PurposeThe Indian economy has experienced a boom in outward FDI (OFDI) in 2006. The study aims at exploring the factors that drive the boom in OFDI of Indian firms.Design/methodology/approachThe participation of a firm in OFDI is a two-stage process -first, the decision to internationalization and second, how much to invest. We employ a two-stage model to decompose the effects on the decision to internationalization from effects on how much to invest. The two-stage model has the advantage of allowing us to estimate separately the probability of internationalization by a firm – Pr(OFDI > 0) – and the expected volume of investment, E(OFDI|OFDI > 0). The former is estimated by the probit model and the latter is estimated by the ordinary least square model.FindingsThe study finds that prior experience and institutional advantage can strongly drive the internationalization of Indian multinationals. The study also examines the relative importance of two aspects of prior knowledge – length of prior knowledge and depth of prior knowledge on OFDI of Indian firms. The study finds that the depth of prior knowledge is a must influential driver of OFDI in comparison to its length.Originality/valueThe present study is a novel attempt to investigate, ‘What drives the boom in OFDI from India?’
The notion about China being factory of the world is changing. Factories in China are shifting their production base to neighboring Asia, primarily because of higher input costs in China, a volatile Chinese exchange rate, Chinese exports being increasingly targeted by its major trading partners, and a fall in price-competitiveness in producing in mainland China. We examine the location substitution effect for China: Chinese firms are exporting primary, intermediate and machinery items, meant for producing final output elsewhere. Results suggest Chinese firms are increasingly substituting their production base outside China.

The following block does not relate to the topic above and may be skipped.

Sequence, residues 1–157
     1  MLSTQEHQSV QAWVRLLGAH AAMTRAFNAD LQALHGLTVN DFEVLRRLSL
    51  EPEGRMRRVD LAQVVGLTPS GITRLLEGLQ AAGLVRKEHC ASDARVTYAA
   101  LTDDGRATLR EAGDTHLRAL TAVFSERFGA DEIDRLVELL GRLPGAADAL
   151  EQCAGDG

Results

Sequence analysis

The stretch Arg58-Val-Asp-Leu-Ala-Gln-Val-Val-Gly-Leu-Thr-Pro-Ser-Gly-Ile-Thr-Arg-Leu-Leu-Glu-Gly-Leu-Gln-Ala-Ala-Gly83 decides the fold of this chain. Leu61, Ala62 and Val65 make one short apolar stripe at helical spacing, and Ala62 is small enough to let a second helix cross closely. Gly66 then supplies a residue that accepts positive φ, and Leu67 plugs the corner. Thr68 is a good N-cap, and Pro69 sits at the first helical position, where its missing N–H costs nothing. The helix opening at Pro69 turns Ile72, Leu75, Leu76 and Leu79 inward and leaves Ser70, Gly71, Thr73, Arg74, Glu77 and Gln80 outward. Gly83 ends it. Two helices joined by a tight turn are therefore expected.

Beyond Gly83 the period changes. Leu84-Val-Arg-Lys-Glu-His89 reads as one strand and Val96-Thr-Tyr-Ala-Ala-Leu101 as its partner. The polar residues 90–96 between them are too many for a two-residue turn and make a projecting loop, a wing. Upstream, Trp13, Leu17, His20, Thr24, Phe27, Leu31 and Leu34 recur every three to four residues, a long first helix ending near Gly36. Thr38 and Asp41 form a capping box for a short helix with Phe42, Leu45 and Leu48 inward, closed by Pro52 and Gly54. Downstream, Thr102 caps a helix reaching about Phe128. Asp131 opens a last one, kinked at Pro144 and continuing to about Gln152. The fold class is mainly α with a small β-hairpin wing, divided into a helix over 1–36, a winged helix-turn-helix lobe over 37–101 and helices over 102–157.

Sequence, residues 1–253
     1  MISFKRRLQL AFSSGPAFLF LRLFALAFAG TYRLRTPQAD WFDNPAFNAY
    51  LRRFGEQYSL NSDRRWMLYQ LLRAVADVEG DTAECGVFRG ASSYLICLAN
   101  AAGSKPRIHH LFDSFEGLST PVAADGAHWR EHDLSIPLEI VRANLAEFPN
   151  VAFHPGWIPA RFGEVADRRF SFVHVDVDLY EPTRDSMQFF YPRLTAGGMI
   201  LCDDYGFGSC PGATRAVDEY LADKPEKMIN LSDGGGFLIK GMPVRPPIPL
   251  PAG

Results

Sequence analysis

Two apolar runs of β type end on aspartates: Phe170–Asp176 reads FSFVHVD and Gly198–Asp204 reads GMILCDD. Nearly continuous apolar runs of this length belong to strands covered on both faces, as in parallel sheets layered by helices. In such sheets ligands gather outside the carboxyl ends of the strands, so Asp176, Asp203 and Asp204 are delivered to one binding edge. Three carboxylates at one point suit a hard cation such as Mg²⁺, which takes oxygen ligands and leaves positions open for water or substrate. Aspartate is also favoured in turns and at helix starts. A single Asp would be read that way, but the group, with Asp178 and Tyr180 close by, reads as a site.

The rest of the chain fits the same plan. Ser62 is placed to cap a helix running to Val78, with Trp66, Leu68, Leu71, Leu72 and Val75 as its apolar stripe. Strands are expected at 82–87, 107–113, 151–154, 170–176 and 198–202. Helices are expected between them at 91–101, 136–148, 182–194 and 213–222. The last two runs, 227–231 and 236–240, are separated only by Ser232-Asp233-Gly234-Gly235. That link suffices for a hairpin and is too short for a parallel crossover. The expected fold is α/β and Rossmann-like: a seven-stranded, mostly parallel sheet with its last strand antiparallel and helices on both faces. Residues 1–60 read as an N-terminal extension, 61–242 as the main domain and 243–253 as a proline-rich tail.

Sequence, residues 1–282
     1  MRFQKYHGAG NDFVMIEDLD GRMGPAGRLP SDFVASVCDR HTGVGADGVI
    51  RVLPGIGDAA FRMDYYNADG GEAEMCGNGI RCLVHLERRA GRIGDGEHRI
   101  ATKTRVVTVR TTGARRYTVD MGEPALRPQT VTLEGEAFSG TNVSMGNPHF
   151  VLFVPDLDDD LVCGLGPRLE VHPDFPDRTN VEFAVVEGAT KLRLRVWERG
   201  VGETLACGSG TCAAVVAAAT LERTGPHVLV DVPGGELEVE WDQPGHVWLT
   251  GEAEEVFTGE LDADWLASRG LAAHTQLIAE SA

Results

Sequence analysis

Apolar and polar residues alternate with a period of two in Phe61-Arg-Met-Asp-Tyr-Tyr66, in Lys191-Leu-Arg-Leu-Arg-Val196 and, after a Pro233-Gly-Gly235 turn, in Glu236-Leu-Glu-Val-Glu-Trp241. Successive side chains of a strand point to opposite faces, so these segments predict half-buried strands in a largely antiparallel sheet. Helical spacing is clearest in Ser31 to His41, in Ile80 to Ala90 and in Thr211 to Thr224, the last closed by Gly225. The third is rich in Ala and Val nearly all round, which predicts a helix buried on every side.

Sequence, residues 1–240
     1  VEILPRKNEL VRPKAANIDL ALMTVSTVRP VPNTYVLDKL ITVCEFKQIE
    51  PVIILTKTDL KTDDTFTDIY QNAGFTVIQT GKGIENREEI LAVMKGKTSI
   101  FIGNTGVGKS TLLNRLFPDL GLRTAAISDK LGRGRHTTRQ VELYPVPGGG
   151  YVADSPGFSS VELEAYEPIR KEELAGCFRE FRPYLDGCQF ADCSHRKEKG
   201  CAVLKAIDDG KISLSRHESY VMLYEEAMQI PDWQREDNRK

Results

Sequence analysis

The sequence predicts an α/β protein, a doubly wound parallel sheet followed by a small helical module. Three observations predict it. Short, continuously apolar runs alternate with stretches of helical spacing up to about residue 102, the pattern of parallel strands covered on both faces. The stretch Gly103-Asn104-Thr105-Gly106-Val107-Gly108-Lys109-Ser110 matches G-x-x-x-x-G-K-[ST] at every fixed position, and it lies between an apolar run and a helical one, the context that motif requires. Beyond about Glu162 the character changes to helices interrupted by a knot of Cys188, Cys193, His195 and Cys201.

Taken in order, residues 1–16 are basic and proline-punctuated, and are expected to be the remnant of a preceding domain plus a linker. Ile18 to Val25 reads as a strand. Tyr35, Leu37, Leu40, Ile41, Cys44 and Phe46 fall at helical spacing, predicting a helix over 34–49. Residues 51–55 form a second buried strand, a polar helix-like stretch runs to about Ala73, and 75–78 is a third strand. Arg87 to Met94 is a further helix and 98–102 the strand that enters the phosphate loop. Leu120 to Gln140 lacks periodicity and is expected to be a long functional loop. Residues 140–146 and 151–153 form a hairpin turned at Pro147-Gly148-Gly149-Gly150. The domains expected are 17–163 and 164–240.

The paper empirically examines Indian investment in China and its spatial distribution across 17 Chinese provinces during 2005–2015. Indian investments in China have spread across heterogeneous provinces. The location of ventures has been shaped by several provincial characteristics and locational advantages that include infrastructural facilities, lower wages, markets and openness; economic geography forces that include agglomeration of foreign and private firms and policies and engagements of the local governments. As such multiple determinants of location choice can be observed, which provide insights into the locational determinants of firms from one emerging country in another. Chinese inland provinces trying to attract Indian investment need to focus on developing locational advantages at par with the coastal regions and on economic geography. However, the scale of operation of Indian companies in China remains smaller due to several China-specific challenges. Industrial bodies and investment promotion agencies may aid in building firm-capacity to deal with China-specific challenges, with adequate emphasis on the spatial characteristics of provinces, to overcome business challenges. The increase in Indian investment in China shall be beneficial provided the firms and their activities generate complementarity in the bilateral economic relationship between the two countries and in the product and factor markets.